Most US adults would pay for laboratory tests that would indicate their risks for breast and prostate cancers as well as arthritis and Alzheimer disease, even if the tests were not perfectly accurate and did not have any direct treatment consequences.
A population-based Internet survey asked adult participants whether they would take a hypothetical predictive blood test for one of the four diseases. The survey specified that the tests would not be covered by insurance.
Prostate cancer won the biggest share of “yes” votes, with 87% of the 1,463 respondents stated that they’d be willing to be tested for that disease. Breast cancer won the second biggest consensus with 81% stating that they would agree to submit to such a test, followed by arthritis (79%) and Alzheimer disease (72%). The would-be test-takers were willing to pay, on average, $300 for an arthritis test to $600 for a prostate test. Median willingness to pay varied from $109 for an imperfectly accurate arthritis test to $263 for a perfectly accurate prostate cancer test.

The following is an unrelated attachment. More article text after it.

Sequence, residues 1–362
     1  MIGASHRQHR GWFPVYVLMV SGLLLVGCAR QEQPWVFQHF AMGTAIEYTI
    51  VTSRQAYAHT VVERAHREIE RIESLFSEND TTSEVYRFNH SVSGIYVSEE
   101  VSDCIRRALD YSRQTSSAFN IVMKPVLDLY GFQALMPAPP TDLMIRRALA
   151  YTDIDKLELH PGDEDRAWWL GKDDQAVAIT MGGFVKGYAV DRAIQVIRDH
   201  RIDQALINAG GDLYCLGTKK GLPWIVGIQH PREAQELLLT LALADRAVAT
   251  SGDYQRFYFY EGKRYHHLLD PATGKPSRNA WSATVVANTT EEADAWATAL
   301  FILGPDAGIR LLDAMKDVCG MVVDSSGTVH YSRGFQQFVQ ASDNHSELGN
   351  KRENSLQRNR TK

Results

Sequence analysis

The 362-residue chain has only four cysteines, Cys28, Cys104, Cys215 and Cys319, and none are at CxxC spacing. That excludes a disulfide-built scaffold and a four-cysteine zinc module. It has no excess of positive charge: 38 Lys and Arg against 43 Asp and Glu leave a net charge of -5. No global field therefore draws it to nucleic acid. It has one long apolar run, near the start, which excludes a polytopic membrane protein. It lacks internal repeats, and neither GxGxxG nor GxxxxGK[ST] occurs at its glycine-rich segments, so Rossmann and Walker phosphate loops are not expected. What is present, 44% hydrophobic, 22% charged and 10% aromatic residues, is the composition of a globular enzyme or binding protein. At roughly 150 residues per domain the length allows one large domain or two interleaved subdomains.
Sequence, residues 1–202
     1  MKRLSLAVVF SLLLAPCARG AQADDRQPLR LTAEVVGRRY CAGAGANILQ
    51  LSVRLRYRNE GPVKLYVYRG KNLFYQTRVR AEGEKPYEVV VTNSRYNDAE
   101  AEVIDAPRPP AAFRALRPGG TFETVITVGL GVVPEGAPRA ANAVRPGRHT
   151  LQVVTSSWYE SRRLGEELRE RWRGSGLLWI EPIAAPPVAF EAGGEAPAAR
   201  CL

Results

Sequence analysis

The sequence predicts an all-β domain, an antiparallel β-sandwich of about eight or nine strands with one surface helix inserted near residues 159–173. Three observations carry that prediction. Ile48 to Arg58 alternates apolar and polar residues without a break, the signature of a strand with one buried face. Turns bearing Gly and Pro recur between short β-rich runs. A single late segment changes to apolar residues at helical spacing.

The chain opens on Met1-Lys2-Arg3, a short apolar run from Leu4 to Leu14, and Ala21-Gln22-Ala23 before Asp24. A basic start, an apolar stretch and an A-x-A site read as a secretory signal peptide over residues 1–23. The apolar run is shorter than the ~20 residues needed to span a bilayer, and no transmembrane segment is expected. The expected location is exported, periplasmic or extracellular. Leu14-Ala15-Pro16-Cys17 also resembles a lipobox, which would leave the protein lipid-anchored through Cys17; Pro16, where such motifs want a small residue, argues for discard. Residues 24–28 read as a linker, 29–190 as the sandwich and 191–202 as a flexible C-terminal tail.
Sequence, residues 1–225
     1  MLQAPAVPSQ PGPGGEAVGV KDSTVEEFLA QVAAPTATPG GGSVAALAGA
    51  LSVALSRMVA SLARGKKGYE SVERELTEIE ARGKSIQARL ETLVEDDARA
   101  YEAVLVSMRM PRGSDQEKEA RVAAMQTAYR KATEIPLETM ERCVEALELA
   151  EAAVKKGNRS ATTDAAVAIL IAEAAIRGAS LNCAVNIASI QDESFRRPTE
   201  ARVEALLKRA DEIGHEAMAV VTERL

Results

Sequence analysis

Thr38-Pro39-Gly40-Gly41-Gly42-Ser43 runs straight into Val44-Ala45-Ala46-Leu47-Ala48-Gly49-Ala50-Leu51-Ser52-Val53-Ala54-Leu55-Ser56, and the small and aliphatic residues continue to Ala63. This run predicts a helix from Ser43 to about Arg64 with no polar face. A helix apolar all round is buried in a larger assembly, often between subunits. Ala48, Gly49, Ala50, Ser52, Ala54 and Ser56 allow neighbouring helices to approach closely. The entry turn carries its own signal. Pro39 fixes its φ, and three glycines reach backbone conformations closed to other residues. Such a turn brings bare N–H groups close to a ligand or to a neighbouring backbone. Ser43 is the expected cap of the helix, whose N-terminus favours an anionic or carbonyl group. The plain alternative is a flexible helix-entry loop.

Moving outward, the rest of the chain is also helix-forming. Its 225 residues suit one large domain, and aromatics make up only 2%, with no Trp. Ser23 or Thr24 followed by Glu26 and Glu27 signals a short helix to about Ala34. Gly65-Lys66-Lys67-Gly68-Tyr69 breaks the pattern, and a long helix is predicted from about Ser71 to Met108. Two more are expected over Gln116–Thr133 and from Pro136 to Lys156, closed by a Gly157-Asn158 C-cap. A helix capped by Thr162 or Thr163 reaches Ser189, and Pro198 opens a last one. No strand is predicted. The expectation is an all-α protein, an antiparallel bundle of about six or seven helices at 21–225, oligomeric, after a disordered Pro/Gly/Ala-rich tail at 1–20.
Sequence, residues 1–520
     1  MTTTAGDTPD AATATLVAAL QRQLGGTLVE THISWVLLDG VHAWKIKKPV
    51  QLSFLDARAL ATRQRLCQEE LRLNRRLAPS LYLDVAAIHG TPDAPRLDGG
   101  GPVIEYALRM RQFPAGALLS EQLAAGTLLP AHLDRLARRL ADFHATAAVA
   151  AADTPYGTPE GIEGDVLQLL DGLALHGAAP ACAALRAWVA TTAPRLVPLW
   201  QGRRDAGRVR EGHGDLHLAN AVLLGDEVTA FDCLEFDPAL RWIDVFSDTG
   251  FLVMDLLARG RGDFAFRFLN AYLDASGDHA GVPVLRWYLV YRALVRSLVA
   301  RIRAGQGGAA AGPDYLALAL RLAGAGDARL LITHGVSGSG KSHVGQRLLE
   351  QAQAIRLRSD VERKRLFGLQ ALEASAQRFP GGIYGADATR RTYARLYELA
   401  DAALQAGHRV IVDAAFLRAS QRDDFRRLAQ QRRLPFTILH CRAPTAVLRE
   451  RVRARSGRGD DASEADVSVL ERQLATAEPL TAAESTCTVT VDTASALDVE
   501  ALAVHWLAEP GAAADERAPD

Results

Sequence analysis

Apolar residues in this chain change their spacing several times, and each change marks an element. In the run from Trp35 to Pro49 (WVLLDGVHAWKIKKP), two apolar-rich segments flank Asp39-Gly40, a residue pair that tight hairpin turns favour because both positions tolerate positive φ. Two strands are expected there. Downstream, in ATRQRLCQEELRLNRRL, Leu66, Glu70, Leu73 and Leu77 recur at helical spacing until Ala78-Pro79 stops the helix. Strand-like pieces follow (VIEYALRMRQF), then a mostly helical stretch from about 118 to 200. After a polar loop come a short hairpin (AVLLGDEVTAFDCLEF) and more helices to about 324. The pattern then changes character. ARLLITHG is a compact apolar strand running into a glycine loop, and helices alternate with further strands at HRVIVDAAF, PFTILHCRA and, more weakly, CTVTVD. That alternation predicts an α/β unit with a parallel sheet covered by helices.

“Respondents’ preferences for predictive testing, even in the absence of direct treatment consequences, reflected health- and non-health-related factors, and suggests that conventional cost-effectiveness analyses may underestimate the value of testing,” concluded investigators Peter J. Neumann, ScD, of Tufts Medical Center, and colleagues in their report for Health Economics, published online ahead of print.